Don’t worry, I won’t bring it up again. Apologies to those whose sensibilities I offended.

            Beelze asked the why of the matter, so I gave him a pretty straight answer. Sorry it was personal.

            • maxxcool
            • 5 years ago

            ‘ropids

      • Visigoth
      • 5 years ago

      Hey assh0le, why don’t you take your sh*t with Chukula on p.m.? Nobody here is interested in the tripe you’re posting, or any other issues/problems you may have with a particular poster.

        • atari030
        • 5 years ago

        Seems to me you’d be better off following your own advice.

        • BIF
        • 5 years ago

        I generally have PM off, because well…it’s an odds-thing. I think a lot of others also have it turned off unless they’re expecting something from a specific person. Keeps the unsolicited spam under control, yes it does. πŸ™‚ Which reminds me, I need to check that setting…

        Edit:

        Yes, it’s off. One of my dearest wishes is to someday in my lifetime, be able to completely shut off the US Postal Mail Spam. “Opt Out” really doesn’t work all that well. When I shut off the “Redplum” adverts, I just continue to get other people’s Redplum adverts because my mail carrier doesn’t go by address; he just puts one in every slot. Grrrrrr!

        • jaset
        • 5 years ago

        The irony is strong with this one.

      • ronch
      • 5 years ago

      And I’m AMD’s secret shill around here.

      I don’t get a cent from them though. So I do a 180Β° and bash them if I think they’re being moronic. So I’m not just a shill, I’m ALSO a self-help coach!

      But not a word about this secret, OK? I’m SO SECRET that AMD themselves don’t even know they have a secret shill around here. I should put it on my rΓ©sumΓ© though.

      • cegras
      • 5 years ago

      I concur. Every time I go into a CPU news thread I just control+f for chuckula and wait for him to tell me how AMD is terrible, and to reblog the latest news about intel just to make sure I know intel is the best. I have never seen anyone with a bigger emotional investment in technology, except for Silus the rabid nvidia fanboy.

        • chuckula
        • 5 years ago

        Meh. Less impressed than with Atari’s post. At least he had the guts to be semi-original.

          • cegras
          • 5 years ago

          Except I’ve been around long enough to see your pattern. You’re very boring.

    • derFunkenstein
    • 5 years ago

    I’m glad this is out of the way, so that we can count down to Skylake. Not that my system performs poorly or anything; my 3570K OC’d to 4.5GHz is fine. But I’ve had it since 2012 and part of me wants to just irrationally spend money. πŸ˜†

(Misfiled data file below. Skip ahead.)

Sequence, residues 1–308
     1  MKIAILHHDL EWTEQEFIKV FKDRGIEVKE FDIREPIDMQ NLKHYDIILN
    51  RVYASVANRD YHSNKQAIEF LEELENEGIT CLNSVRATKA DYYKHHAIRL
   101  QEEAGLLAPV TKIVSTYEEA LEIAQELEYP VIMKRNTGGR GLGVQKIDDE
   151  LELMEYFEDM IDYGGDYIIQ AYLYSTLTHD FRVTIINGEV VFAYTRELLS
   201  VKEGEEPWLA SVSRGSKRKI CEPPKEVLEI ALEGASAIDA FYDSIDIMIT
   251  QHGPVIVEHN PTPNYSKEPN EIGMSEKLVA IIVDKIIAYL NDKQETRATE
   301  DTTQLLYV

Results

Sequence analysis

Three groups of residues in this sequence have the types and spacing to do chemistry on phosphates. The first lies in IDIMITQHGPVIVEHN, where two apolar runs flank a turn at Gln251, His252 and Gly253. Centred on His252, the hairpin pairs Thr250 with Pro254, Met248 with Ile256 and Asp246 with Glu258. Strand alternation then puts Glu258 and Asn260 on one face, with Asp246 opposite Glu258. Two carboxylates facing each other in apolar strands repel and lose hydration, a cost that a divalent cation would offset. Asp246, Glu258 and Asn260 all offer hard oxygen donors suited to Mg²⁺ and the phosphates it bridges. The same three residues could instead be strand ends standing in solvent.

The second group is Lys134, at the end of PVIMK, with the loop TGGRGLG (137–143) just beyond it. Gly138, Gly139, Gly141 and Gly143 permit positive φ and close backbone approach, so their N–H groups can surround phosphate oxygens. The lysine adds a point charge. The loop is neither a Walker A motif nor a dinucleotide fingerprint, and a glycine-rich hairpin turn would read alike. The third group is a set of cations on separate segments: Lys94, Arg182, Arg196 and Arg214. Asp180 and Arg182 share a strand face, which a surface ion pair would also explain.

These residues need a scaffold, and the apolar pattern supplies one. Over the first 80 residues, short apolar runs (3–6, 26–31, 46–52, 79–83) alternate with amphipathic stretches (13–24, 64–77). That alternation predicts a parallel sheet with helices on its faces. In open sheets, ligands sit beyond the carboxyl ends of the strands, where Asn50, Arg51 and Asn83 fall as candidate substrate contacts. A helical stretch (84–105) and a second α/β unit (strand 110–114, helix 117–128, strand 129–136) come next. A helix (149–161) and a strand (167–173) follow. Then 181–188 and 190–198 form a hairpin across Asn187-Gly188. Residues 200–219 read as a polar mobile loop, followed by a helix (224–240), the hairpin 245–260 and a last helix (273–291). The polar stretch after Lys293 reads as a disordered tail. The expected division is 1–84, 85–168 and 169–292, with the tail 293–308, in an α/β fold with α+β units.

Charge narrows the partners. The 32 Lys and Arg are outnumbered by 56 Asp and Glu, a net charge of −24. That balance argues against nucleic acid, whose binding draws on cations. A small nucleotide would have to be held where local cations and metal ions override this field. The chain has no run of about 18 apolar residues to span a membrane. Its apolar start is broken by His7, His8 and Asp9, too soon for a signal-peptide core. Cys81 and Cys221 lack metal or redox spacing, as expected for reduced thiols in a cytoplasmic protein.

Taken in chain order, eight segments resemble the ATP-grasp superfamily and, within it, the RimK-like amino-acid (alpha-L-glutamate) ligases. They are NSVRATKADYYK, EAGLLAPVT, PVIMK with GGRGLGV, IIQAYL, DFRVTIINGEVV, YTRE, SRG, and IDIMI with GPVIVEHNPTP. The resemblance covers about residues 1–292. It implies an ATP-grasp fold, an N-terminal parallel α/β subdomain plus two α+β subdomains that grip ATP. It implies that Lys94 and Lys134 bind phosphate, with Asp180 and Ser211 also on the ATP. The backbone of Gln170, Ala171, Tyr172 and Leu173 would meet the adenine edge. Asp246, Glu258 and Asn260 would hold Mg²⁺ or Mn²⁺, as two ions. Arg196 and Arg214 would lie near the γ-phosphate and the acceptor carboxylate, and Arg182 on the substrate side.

• Krogoth
      • 5 years ago

      Don’t bother, unless you want more PCIe lanes.

      Skylake isn’t going to be ground-shattering.

        • Beelzebubba9
        • 5 years ago

        I figure Skylake’s most functional benefit to the power user will be better support for NVMe PCI-E x4 SSDs. Most people won’t notice a 10% difference in CPU power, but sure will notice 2GB/sec disk IO.

          • derFunkenstein
          • 5 years ago

          And, at least in my case, I want to get up to 8 hardware threads, since I tend to run up to 3 VMs at a time when I’m doing some heavy testing. But I don’t really want to spend the money on an Ivy Bridge i7 when it’s not going to be THAT much more for Skylake (though I’d need a new mobo, too).

          If Skylake is DDR4-only, though, all bets may be off and I may just buy the Ivy Bridge. 32GB of DDR4 is kinda pricy still.

            • Ninjitsu
            • 5 years ago

            DDR4-only appears to be the case, at least on Z170. I assume Intel will be encouraging a ramp closer to Skylake’s hard launch.

            • derFunkenstein
            • 5 years ago

            I hope so, but if it’s still a big disparity between DDR4 and DDR3, I might put it off all the same.

      • BIF
      • 5 years ago

      My town used to have a “Skylake Bread Company”. Yum!

    • Thresher
    • 5 years ago

    Snore.

    Gimme Skylake.

      • ronch
      • 5 years ago

      And gimme Zen.

        • JustAnEngineer
        • 5 years ago

        As [url=http://www.youtube.com/watch?v=FC0Om7lkJtE&t=27m39s<]requested[/url<]. If Intel had provided a test sample to TR, we might be a bit more interested in Broadwell, but it's hard to get excited about a CPU that Intel doesn't care enough about to promote to reviewers. How much longer until Skylake shows up?

          • chuckula
          • 5 years ago

          HOLY CRAP! +INFINITY FOR A POST-ZEPPELIN ROBERT PLANT REFERENCE!!

    • chuckula
    • 5 years ago

    Because this has become a popular (but not necessarily accurate) meme around here, BOTH of these parts come with VT-d [and basically everything else] enabled.